Study Shows Poor, Middle Income Bear Biggest Tax Brunt

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WASHINGTON (AP) - Middle-income families pay one-third more of their earnings in state and local taxes than do the richest Americans, a labor-backed research group said Monday.

The disparity is even worse for families in the bottom one-fifth of the income scale, said Citizens for Tax Justice. The poorest families see 81 percent more of their earnings swallowed up by state and local taxes than do the most affluent.

``The biggest problem is over-reliance on regressive sales and excise taxes rather than on progressive, ability-to-pay income taxes,'' said Robert S. McIntyre, director of the group.

The findings were included in an analysis by Citizens for Tax Justice of the major taxes and who pays them in the 50 states and the District of Columbia.

The organization, which is supported by unions and religious and social action groups, has long advocated higher taxes on the wealthy and greater reliance on income taxes.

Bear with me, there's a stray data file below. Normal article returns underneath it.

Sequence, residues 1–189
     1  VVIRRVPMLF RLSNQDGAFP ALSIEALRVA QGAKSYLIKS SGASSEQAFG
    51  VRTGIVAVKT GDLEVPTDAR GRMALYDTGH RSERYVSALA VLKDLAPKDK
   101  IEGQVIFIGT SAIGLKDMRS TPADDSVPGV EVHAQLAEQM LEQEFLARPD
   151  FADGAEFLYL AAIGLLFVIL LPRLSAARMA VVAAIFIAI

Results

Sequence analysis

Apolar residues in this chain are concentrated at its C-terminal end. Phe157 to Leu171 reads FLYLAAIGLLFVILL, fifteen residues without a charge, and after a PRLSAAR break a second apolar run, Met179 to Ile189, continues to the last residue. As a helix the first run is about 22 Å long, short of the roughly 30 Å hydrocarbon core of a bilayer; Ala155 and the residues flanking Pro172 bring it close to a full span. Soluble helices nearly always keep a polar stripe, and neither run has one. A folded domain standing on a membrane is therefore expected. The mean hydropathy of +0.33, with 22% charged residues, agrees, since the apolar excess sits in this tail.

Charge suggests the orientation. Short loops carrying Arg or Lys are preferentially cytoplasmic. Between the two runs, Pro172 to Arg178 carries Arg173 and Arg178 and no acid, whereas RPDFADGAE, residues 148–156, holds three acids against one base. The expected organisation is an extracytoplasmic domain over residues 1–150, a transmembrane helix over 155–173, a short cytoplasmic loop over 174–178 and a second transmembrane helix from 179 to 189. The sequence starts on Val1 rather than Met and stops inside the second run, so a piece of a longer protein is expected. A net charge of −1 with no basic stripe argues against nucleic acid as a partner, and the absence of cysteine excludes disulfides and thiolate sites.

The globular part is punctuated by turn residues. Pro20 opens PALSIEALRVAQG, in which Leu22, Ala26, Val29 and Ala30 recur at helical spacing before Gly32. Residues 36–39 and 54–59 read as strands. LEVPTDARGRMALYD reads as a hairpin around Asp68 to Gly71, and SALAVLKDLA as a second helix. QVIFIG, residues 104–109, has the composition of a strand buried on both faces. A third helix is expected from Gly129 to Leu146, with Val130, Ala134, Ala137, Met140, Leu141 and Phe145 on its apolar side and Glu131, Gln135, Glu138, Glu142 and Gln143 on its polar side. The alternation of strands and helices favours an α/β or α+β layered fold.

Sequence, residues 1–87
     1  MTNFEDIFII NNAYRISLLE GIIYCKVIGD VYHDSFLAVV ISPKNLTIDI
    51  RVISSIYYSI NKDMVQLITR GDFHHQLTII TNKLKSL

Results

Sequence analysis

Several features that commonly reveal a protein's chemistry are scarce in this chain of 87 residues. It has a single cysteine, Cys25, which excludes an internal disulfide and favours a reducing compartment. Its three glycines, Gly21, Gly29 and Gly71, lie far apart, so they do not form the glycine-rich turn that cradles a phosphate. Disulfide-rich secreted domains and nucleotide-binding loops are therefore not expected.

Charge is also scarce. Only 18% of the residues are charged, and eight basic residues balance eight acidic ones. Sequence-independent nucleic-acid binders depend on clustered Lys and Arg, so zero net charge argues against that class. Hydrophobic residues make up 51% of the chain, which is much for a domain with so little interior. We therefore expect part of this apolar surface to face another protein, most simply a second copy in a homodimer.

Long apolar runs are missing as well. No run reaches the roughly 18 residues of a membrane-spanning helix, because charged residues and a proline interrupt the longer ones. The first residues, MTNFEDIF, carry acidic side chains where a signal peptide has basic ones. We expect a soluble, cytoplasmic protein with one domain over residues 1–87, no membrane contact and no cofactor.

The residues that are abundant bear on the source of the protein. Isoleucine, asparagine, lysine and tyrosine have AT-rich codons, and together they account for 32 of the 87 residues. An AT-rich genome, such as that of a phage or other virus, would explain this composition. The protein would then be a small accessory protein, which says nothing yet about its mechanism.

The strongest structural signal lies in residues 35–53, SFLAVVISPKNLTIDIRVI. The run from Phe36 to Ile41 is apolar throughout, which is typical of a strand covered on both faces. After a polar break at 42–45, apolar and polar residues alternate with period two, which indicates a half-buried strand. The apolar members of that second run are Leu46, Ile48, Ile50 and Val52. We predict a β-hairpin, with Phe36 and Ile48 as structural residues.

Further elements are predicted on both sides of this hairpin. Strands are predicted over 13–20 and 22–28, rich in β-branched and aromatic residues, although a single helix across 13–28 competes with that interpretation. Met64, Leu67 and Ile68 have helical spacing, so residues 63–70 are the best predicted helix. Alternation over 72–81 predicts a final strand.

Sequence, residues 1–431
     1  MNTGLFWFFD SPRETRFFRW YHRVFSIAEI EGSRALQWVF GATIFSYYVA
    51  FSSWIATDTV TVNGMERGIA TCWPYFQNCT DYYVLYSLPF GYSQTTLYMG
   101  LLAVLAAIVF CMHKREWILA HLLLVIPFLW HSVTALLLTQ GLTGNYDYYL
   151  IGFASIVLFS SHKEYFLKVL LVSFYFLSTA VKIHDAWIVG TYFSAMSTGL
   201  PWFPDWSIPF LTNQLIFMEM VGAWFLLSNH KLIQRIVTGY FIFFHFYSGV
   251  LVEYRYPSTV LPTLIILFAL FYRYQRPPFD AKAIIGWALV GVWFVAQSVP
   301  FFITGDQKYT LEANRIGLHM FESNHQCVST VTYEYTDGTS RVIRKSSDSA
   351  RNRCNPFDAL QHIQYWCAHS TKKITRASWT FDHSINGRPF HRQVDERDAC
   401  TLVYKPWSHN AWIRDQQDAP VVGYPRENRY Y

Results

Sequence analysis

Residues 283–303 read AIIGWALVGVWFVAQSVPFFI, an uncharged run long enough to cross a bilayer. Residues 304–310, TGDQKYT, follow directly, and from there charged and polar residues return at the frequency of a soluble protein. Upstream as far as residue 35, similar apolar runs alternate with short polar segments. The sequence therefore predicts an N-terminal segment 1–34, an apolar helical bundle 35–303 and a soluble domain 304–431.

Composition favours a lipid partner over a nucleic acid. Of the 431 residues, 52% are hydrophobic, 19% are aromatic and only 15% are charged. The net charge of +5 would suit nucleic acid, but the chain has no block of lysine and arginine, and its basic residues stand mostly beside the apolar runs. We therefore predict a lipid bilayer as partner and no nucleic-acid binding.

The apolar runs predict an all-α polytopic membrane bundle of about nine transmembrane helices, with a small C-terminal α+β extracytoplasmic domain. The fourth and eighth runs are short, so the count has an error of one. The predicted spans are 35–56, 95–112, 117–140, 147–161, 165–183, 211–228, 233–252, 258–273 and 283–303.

The study found that only Vermont and Delaware have tax systems that are even slightly progressive, meaning that they are based on ability to pay. The 10 states considered to have the least-fair taxes require middle-income families to pay up to three times as much of their earnings compared with the rich.

The eight states viewed as having the worst tax systems - South Dakota, Nevada, Texas, Florida, Washington, Tennessee, Wyoming and New Hampshire - have no broad personal income tax. Pennsylvania and Illinois, the other two states found to be most regressive in taxing, have flat, low-rate income taxes.

While Oklahoma's taxation is a little more evenly distributed among the lower-, middle- and upper-income families than the eight worst states, according to the report, low-income individuals are still saddled with paying the largest portions of their incomes in taxes - 12.2 percent. Middle-income families pay 10.1 percent of their incomes and upper-income families pay 7.3 percent of their incomes in the Sooner State.

A study by two Central State University professors has suggested adding some services to Oklahoma's tax base for a more progressive tax system.

Chris Zimmerman, chief economist for the National Conference of State Legislatures, said he had not seen the report but acknowledged that in general, it is more difficult for states, cities and counties to maintain a progressive tax system. …

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